SKEWED COVERAGE OF WAR CRIMES TRIALS WEAKENS
Kingsley Chiedu Moghalu is legal advisor to the International Criminal
Tribunal in Rwanda. Slobodan Milosevic will go on trial in The Hague beginning
ARUSHA, Tanzania -- On Feb. 12 the trial of Slobodan Milosevic will
begin at the International Criminal Tribunal for the Former Yugoslavia
at The Hague. That trial will no doubt be accompanied by much coverage
in the global media. Rightly so. Wrongly, though, will such publicity
strengthen an already heavily lopsided coverage of the two international
criminal tribunals set up by the United Nations to try the men and women
accused of perpetrating mass atrocities in the Balkans and Rwanda during
the last decade.
Why is there such inadequate publicity of the work of the International
Criminal Tribunal for Rwanda relative to the Yugoslavia tribunal?
The answer to that question -- and changing that reality -- may determine
whether accountability and justice for mass crimes will be established
as successfully in Africa as in the Balkans. And the fault is not in the
stars, but in the global media. In a world in which imagery has assumed
tremendous importance in shaping the course of international relations,
where the media train their cameras and what they say when they do have
a profound -- even if sometimes distorted -- impact on perceptions of
what is important and newsworthy.
The Rwanda tribunal, starting in 1998, has handed down the first-ever
verdicts by any court for the "ultimate crime.'' Those judgments
-- including the conviction for the first time of a head of government
for genocide and a conviction in another case for rape as genocide and
a crime against humanity -- have broken new ground in international law
and justice for war crimes.
Yet, despite these achievements and the extreme gravity of the 1994 Rwandan
genocide, in which more than half a million victims were killed within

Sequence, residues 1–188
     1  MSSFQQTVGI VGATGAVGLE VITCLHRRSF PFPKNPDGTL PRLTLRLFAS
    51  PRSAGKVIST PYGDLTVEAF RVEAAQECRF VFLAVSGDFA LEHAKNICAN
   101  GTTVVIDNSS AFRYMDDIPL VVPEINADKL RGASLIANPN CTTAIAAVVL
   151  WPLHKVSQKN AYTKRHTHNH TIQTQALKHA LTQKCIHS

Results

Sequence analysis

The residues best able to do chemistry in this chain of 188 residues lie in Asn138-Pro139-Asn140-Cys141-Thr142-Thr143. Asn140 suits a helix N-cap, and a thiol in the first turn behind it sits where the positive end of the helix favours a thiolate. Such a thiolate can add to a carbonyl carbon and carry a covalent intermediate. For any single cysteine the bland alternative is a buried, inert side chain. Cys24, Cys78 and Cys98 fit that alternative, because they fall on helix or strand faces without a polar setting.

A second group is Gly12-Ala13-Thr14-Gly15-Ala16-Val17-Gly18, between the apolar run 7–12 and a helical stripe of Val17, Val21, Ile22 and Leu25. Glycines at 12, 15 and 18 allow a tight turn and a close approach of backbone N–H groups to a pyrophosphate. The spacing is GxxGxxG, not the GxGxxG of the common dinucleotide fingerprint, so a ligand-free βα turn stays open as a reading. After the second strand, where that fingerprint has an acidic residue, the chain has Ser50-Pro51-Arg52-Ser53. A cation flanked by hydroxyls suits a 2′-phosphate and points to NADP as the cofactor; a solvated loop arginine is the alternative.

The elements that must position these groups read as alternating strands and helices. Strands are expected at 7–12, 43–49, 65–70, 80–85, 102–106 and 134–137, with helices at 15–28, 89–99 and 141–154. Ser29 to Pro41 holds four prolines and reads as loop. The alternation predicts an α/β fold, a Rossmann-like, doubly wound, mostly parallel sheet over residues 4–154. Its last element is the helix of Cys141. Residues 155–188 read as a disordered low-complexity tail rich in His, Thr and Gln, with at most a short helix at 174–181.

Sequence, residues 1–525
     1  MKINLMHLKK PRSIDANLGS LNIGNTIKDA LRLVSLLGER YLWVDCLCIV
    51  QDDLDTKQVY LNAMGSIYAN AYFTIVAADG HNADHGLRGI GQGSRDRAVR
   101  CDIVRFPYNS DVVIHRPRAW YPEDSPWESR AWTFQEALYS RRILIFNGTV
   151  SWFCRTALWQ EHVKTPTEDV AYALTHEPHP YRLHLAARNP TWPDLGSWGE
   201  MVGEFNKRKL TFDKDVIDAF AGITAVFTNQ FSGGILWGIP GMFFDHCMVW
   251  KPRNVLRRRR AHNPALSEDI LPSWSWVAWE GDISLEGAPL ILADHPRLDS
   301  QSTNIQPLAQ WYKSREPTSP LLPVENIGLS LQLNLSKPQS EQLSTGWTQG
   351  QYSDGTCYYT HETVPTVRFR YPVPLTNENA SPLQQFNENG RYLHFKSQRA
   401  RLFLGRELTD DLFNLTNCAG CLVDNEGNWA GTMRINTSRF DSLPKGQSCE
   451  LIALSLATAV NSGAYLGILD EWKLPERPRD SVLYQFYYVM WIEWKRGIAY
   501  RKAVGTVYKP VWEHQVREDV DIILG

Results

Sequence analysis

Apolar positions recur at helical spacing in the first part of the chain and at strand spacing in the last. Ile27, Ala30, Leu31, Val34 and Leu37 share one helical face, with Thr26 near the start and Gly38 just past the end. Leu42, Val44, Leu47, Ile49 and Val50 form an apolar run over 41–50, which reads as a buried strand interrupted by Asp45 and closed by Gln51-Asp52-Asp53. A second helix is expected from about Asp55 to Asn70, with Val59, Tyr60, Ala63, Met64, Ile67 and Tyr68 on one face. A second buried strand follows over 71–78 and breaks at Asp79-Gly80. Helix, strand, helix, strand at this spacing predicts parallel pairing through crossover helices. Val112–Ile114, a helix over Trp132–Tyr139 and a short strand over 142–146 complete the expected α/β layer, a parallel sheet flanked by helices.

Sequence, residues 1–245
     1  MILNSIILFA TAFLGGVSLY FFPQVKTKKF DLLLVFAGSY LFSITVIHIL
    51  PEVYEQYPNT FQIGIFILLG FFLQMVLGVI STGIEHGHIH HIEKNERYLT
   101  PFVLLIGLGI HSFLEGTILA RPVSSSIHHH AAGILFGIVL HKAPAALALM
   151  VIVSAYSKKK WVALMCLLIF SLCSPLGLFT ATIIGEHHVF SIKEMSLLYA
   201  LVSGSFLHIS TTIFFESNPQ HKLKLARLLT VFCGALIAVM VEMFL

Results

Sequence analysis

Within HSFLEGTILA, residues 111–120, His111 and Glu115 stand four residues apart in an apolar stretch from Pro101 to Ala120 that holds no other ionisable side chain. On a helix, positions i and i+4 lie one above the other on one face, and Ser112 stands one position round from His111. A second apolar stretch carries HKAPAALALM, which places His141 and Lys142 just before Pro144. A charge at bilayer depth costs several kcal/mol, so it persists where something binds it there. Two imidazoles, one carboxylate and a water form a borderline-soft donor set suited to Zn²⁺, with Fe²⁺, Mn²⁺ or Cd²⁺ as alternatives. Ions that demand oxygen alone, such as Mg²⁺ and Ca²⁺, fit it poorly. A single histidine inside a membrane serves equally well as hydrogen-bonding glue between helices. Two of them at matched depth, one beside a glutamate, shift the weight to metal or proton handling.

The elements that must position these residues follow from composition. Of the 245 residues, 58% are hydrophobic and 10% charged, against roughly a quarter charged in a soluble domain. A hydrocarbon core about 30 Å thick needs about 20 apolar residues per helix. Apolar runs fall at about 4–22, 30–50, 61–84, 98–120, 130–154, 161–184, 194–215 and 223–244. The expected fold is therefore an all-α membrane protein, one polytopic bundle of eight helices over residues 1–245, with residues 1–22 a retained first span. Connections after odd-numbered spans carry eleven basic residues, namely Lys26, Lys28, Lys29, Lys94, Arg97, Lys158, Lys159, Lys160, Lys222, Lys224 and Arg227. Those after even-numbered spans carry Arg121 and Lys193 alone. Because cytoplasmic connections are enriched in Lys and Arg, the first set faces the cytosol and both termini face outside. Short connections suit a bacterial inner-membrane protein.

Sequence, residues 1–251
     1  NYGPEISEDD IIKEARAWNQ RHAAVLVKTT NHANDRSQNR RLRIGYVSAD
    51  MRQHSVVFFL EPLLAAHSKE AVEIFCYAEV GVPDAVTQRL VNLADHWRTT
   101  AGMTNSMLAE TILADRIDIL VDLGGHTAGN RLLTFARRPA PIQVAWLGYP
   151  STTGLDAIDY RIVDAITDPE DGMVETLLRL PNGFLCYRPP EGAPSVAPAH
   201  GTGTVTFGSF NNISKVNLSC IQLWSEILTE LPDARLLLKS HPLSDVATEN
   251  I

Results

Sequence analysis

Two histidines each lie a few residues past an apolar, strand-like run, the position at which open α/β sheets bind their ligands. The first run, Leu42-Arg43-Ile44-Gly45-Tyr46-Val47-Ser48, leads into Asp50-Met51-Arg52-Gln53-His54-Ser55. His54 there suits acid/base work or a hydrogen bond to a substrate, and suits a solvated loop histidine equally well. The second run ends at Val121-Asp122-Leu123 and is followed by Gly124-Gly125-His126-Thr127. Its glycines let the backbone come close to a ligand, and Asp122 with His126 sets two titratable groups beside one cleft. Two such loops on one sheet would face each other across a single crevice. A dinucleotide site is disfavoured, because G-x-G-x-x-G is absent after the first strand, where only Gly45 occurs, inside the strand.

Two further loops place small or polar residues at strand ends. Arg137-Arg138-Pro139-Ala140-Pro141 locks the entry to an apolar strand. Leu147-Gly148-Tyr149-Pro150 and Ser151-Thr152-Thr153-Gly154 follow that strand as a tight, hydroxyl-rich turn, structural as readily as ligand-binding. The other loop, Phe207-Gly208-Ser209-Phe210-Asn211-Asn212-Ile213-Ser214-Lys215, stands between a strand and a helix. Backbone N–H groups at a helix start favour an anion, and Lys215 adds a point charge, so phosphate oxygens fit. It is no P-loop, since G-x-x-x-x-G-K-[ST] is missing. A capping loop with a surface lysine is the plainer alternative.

a three-month period, media coverage of the Rwanda tribunal's search for
justice is far less than that of The Hague tribunal. Trials at The Hague
are the subject of long feature and news articles and broadcasts by correspondents
of the world's newspapers and television. With the occasional exception,
far fewer column inches are devoted to the Arusha trials.
Television coverage is sporadic, and media coverage and other assessments
of the Arusha court tend to dwell not on its precedent-setting judgments
and other achievements that have contributed much to the development of
international criminal justice, but on its institutional imperfections.
Coverage of The Hague tribunal, despite the fact that it shares in several
respects similar frustrations and challenges as the Arusha court, emphasizes
its judicial accomplishments.
While the Rwanda court's location in a small town off the beaten path
is a contributing factor to its low media wattage, the fact that it is
not a compelling topic of interest for the powerful editors of the global
media is a more fundamental reason. There are other factors at play as
well, such as perceptions of political priorities and the inadequate and
often negative coverage of the African continent as a whole in the global
The question of lopsided coverage of the two international criminal tribunals
is an important one. It is important not because the two institutions
are in competition -- they are not -- but because they are part of an
emerging architecture of international criminal justice. And international
war crimes courts, because of the political inspiration, mass nature and
widespread consequences of the crimes they address, require the public
impact and support that effective media coverage generates if they are
to dissuade and deter potential war criminals.
It is important that the media cover this subject in a balanced and truly
global manner. There has been much soul-searching for the world's inaction
in the face of the Rwandan genocide. The media now have a responsibility
to help ensure that the world knows of the efforts to bring to justice
the persons responsible for this heinous crime. A skewed approach that
is preoccupied with the Balkans and fails to give sustained, in-depth
coverage to the work of the Rwanda tribunal weakens the quest for justice
in this part of the world by diminishing its impact and thus the chances
for the success of this historic endeavor.
The work of the U.N.'s Rwanda court is far too important to meet such
a fate. The irony of the tribunal's publicity deficit is that there really
is an interesting story to tell: politicians, clergy, senior military
commanders, the first woman to go on trial before an international criminal
tribunal, and journalists accused of inciting genocide through hate media
are all in the dock, defending themselves against charges of masterminding
one of the greatest tragedies of the 20th century. And this court is putting
in place the building blocks of a new culture of accountability in a continent
where "big men'' have long held sway with impunity.
(c) 2002, Global Viewpoint. Distributed by Los Angeles Times Syndicate
International, a division of Tribune Media Services
For immediate release (Distributed 2/6/02)